Accent on Autism

Young Adults on the Spectrum

My Summer of Sheldon

Yes, I’m seven seasons late to the beauty that is CBS’ The Big Bang Theory. The comedy won one of its lead characters, Dr. Sheldon Cooper, a third Emmy this year in addition to his wins in 2010, 2011. Yet I’ve just discovered what a gift the show is to the community of people who have an interest in Asperger Syndrome. It is aspie cool to the nth degree.

sheldonActor Jim Parsons portrays Dr. Cooper, a gifted, gawky and genuinely lovable geek who exhibits some of the traits that can be associated with Asperger Syndrome: aloofness, inward focused, eidetic memory, discomfort in unfamiliar settings, the love of routine. The genius of the character and his place in the show is that he has a strong social group of peers who help him navigate the tricky world of interpersonal relationships. Oh that such social groups were the norm, not the exception.

Finding the right social group, one that you not only fit into but that makes you a better person, a higher achiever and moves you ever further toward self-actualization is sometimes an elusive goal for the person with an Asperger diagnosis. One-on-one relationships often can be easier than navigating group situations. Yet depending on one person for the bulk of your social activities can be limiting and disappointing, especially if schedules don’t mesh and opportunities to get together are minimum. That’s true even for people not on the spectrum and those who have no trouble meeting and connecting with new people.

A number of groups have sprung up to help anybody and everybody make social connections. Several are geared to young adults. is a great starting place to find an affinity group. Perhaps you love anime or videogames or cycling or outdoor adventures. Whatever your taste, there seems to be a Meetup to suit it. There’s even a specific Asperger group Meetup. Just go to the website, put in your Zip Code and you can find a group that gathers near you. Beyond that, churches, community groups, workplaces and the pages of your local newspaper or favorite local news website often provide information about activities and social groups that might appeal to you.

October 9, 2013 Posted by | Asperger's, Uncategorized | , , , , , , , , , | 1 Comment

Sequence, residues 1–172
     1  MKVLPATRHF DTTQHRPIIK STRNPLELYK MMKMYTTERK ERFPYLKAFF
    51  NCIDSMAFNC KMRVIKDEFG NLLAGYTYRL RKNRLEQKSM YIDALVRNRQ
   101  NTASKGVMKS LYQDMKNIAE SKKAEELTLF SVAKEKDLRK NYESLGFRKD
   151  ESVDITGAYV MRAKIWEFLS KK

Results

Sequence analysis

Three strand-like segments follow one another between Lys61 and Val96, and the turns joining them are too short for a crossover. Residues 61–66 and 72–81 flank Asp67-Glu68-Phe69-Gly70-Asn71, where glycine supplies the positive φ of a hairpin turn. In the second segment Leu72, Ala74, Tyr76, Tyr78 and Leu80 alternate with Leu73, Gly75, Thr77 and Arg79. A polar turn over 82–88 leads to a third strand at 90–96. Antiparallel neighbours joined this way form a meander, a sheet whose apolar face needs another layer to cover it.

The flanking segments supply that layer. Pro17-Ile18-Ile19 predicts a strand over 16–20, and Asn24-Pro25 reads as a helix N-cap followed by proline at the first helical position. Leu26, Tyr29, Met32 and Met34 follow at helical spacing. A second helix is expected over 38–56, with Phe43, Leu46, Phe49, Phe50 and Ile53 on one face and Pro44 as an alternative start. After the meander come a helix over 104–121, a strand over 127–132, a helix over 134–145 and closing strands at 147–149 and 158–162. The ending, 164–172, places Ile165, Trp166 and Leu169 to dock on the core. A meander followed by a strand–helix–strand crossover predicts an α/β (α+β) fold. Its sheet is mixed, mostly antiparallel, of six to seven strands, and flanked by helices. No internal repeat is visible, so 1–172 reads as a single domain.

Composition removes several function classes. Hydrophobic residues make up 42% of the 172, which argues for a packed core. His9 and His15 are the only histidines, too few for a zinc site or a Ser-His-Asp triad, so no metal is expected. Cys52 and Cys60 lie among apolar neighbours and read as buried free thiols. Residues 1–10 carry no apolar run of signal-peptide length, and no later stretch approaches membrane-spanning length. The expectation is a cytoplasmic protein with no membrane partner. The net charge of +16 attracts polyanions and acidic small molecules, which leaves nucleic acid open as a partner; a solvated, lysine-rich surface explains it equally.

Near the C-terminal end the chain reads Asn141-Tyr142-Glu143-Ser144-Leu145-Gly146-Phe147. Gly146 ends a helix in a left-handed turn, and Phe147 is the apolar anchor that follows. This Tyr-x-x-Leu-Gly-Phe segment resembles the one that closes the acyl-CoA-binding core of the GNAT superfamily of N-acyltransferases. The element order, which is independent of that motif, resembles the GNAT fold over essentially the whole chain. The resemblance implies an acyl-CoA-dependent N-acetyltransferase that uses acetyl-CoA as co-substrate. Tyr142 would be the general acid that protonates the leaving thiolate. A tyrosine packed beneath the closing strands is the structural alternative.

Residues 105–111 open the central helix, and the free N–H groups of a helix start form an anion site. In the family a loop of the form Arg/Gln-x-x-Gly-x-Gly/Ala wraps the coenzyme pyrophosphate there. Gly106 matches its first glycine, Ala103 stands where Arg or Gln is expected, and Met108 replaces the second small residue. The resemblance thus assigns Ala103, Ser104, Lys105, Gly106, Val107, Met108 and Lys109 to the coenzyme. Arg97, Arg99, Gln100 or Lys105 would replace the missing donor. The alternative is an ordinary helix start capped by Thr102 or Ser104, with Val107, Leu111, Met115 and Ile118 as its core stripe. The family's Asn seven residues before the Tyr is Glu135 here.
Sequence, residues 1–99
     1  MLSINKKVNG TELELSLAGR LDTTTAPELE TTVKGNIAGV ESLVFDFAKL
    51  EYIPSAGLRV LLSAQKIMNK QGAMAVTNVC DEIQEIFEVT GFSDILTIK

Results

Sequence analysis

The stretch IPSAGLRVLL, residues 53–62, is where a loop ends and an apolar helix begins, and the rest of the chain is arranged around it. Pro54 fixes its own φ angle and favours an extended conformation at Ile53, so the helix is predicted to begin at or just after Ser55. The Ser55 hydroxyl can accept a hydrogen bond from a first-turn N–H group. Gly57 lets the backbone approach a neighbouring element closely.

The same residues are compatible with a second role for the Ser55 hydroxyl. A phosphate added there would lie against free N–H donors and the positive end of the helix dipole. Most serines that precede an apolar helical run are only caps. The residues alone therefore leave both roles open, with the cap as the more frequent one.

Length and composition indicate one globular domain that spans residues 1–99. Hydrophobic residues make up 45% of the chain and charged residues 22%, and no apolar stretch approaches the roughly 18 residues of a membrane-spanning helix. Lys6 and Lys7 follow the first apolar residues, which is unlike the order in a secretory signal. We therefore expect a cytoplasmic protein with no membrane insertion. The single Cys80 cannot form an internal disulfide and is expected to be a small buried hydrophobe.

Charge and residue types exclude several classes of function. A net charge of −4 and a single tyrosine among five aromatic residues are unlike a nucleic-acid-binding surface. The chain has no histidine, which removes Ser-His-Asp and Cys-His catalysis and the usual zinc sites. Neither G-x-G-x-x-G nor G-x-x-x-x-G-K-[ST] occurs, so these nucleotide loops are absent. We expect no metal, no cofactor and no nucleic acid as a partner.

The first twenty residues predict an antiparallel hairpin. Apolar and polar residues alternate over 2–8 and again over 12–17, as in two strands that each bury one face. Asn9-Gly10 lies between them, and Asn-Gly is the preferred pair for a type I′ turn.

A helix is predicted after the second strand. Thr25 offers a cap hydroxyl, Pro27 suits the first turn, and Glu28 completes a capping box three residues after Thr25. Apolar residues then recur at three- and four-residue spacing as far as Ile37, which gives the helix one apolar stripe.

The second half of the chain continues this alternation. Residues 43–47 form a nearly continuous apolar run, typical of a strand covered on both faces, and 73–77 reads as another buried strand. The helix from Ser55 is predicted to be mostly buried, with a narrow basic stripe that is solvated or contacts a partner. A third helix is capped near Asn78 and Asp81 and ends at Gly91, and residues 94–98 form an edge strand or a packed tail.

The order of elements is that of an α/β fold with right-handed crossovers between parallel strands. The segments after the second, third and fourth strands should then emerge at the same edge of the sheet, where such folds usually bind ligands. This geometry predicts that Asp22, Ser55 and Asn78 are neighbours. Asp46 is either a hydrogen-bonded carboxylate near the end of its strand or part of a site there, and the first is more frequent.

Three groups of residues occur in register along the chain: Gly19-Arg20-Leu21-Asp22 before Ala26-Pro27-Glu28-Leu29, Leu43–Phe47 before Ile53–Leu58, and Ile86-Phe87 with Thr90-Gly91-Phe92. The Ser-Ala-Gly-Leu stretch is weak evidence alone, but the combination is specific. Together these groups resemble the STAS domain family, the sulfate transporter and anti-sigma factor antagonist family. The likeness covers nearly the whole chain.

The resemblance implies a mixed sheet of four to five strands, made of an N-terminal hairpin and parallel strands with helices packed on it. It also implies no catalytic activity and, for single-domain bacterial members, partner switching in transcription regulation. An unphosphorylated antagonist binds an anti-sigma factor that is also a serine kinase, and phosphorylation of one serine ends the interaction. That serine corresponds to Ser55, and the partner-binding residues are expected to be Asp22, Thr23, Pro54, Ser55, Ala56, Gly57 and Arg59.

Navigating that first ‘real’ job

Getting that first “real” job can be a bear these days for young adults fresh out of college. The competition is fierce as the economy thrashes through the dregs of the recent recession and trudges through a largely jobless recovery. Use your college’s career and alumni offices, your network of friends and associates, social media sites like LinkedIn, and every resource you can think of to land in a full-time permanent job or an internship that can lead to that job. Once you get it, here are a few tips for success beyond the usual of being well groomed, professionally dressed and on time.
Stay in learning mode.

Not only do you need to learn the business of the business that you’ve landed in, you need to learn the culture, too. What you say and do at work is at least as important as what you don’t say and do. Steer clear of office politics. Keep your political and social views to yourself until you learn whom it is safe to share those with. Look for ways to distinguish yourself and your work in a positive way. Employers want to know early on that they’ve made a great hire because that person brings value to the organization.
If you want it to count, count it.

In other words, keep track personally of the things that you do. If you have a winning idea that the boss puts into force, keep tabs of that. Recalling the contributions you make through the year can be helpful when you update your resume or when you sit down with a supervisor to discuss your performance.

If you’re not the owner of the company, you’re a temp.

Meaning you work at your employer’s discretion. You are there to give your best. Whenever appropriate, put your ideas in writing. But if your employer chooses to ignore your suggestions, don’t take it personally. It is not your company.  Of course, if what you are dealing with is a personnel, safety, ethics or legal issue, you should not let those go unaddressed. Pursue them through the proper channels.
 Balance is key.